“The Rule of Thirds is a photography concept that puts the subject of the photograph off-center, which usually results in blank space in the rest of the image.”
No, it isn’t. This isn’t what the rule of thirds means. That is wrong information. Primitive. Over-simplified. Take a look at this excerpt from the Digital Photograph School website:
The basic principle behind the rule of thirds is to imagine breaking an image down into thirds (both horizontally and vertically) so that you have 9 parts. As follows.
With this grid in mind, the ‘rule of thirds’ identifies four important parts of the image that you should consider placing points of interest in as you frame your image.
Not only this – but it also gives you four ‘lines’ that are also useful positions for elements in your photo.
Rule of Thirds in Photography
The theory is that if you place points of interest in the intersections or along the lines that your photo becomes more balanced and will enable a viewer of the image to interact with it more naturally. Studies have shown that when viewing images that people’s eyes usually go to one of the intersection points most naturally rather than the center of the shot – using the rule of thirds works with this natural way of viewing an image rather than working against it … (and) here (is an) example:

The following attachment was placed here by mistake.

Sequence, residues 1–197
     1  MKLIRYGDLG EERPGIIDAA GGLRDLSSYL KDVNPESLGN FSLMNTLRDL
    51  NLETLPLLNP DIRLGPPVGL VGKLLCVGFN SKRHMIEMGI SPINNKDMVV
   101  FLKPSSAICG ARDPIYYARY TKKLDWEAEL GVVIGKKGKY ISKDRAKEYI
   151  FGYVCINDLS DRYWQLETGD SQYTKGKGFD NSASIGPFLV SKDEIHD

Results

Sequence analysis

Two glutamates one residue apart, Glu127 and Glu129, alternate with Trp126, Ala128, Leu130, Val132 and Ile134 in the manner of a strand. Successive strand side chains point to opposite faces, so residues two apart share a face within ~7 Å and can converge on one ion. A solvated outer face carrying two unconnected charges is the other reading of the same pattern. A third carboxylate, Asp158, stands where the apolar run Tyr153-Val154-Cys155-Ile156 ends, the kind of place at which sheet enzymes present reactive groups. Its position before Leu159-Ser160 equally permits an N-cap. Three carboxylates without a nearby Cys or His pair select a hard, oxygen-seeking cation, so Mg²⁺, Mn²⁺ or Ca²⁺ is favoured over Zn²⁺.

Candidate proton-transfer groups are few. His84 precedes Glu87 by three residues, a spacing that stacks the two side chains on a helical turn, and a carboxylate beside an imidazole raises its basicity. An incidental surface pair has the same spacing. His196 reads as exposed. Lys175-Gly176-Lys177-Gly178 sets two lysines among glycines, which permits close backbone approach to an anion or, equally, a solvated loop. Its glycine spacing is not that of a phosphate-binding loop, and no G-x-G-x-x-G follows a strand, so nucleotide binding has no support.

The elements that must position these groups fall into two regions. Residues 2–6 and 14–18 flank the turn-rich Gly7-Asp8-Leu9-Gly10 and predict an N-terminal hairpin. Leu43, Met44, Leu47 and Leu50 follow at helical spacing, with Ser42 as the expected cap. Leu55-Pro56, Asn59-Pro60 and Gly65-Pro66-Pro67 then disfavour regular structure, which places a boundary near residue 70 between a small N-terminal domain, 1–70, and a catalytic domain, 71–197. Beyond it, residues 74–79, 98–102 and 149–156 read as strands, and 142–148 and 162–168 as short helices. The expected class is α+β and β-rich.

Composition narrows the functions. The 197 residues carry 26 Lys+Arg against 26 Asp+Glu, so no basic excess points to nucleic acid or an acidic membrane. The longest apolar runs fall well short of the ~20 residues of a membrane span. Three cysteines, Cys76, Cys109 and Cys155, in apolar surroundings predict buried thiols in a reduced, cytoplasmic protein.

It does not mean pushing your primary image off to one side to leave the rest blank. Most photographers have an instinctive feel for balance in a photograph and other than reminding them they shouldn’t always put the subject dead in the middle of the photo, will discover this for themselves. Correctly. With balance and art.
Check out the Digital Photography School website’s article on “The Rule of Thirds” for the whole story. It’s an excellent article.
Composition cannot — should not — be reduced to a rule. Knowing the rule of thirds doesn’t mean you must adhere to it. I had never heard of the “rule of thirds” until I had been taking pictures for most of my life. Oddly, most of my landscapes fit the parameters. If you have a good eye, you will take pictures people like to look at. I don’t know anyone who thinks, even for a moment, about any rules while they are shooting. They just “see it” and press the shutter.
Don’t over-think your process. Don’t try to force your photographs into a specific format. Sometimes, right down the middle is exactly where your primary image belongs. Just — not all the time.
In art, there are never any hard and fast rules. Just suggestions. Loose guidelines. You’ll find your own rules as you work.